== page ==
Many companies make the same mistake today. They pour hundreds of thousands of dollars into cybersecurity solutions and think they can "set it and forget it." This is unfortunate because cyber adversaries have access to the same solutions and never stop maneuvering to defeat them. And as they slip quietly past modern-day digital versions of the Ardennes, all of the investment made into those security programs is effectively nullified. For the cyber adversary, the fast road to Paris is paved by overlooked vulnerabilities.
WHAT CAN BE DONE?
So much of cybersecurity strategy today borrows from proven military defensive concepts, including the foundational idea of defense-in-depth. Defense-in-depth is fundamental to the design of a secure network. It stems from the certainty that software has flaws, people make configuration mistakes, and hardware/software devices fail.
Therefore, it is vital to deploy multiple layers of protection to account for the eventuality that one or several layers will fail.
Penetration testing is a popular way to validate the quality of cyber defenses, but it is only one aspect of fully understanding defense-in depth readiness. To get a complete picture of potential and actual breaches, companies must consider external cyber risk assessments and threat hunts.
Effective external risk assessments take a threat-based view of a company's defensive posture enriched with an industry-specific analysis to gain insights into actual and potential exposures based on threat activity. Companies can leverage this intelligence to validate current defenses against likely threats and close the gaps they have.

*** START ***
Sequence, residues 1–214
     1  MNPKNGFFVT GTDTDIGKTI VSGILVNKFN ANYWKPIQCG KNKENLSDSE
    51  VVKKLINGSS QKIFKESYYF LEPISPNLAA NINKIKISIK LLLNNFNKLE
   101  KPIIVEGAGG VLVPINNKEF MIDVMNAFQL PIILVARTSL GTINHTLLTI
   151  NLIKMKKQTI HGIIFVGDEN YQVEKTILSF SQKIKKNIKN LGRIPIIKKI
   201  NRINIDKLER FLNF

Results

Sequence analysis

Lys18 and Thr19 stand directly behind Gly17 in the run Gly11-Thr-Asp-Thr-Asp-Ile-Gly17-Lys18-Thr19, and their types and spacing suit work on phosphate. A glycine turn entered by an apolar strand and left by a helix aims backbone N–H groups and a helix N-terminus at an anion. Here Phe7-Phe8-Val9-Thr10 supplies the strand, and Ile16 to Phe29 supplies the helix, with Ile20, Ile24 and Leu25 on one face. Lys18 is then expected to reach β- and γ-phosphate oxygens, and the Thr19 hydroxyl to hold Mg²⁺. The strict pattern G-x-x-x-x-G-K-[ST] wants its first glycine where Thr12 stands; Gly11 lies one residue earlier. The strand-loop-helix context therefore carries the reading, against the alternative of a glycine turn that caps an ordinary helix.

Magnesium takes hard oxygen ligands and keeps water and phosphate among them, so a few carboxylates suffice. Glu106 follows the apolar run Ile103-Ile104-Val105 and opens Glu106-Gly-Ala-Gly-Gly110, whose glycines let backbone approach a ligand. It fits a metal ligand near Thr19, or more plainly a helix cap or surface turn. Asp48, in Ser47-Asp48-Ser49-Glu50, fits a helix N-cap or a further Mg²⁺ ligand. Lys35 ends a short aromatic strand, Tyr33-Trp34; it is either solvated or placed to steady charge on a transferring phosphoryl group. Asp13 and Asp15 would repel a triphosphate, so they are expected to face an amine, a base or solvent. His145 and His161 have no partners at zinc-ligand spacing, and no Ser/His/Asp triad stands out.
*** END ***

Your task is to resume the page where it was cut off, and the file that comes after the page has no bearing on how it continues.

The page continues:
Cyber threat hunting is a proactive security measure that takes information from a variety of sources, including penetration tests and external risk assessments, to conduct evidence-based investigations that aggressively uncover and contain damage related to a breach. Threat hunts get inside a company's defense and validate that a breach has not occurred. This is particularly important since the average breach remains undetected for over nine months, resulting in millions in preventable financial damage.
WHERE IS YOUR COMPANY'S ARDENNES?
Guarding against the Fallacy of Impenetrable Walls requires a minor mindset shift. Don't assume your defenses are effective; instead, continuously test and probe them for weaknesses, because that is what your adversary is doing.
Better that you uncover your vulnerabilities first, an investment that is a mere fraction of the breach cost. It is also a more efficient use of funds when compared to the cost of the "next-generation" enterprise security solutions, and, when done well, can be instrumental in illuminating unseen gaps in a company's digital defense.
Yet the reality remains. Every network has its attack vectors. And so every company has its own Ardennes. As much as things have changed, so much still remains the same.
There is nothing wrong with investing in your company's Maginot Line. But you can't get complacent – cover your gaps, probe for weaknesses, and test defenses regularly. And never, under ANY circumstance, bet your enemies a "billion francs" to take the initiative to attack.
They just might try (and probably already are).
Pathfynder is a service-disabled veteran-owned small business with offices in Washington, D.C and Bozeman, Montana. Shaped by decades of US military and intelligence community experience, we provide cybersecurity expertise and solutions trusted by small and medium-sized businesses as well as Fortune 50 companies.
What is your company's cyber risk?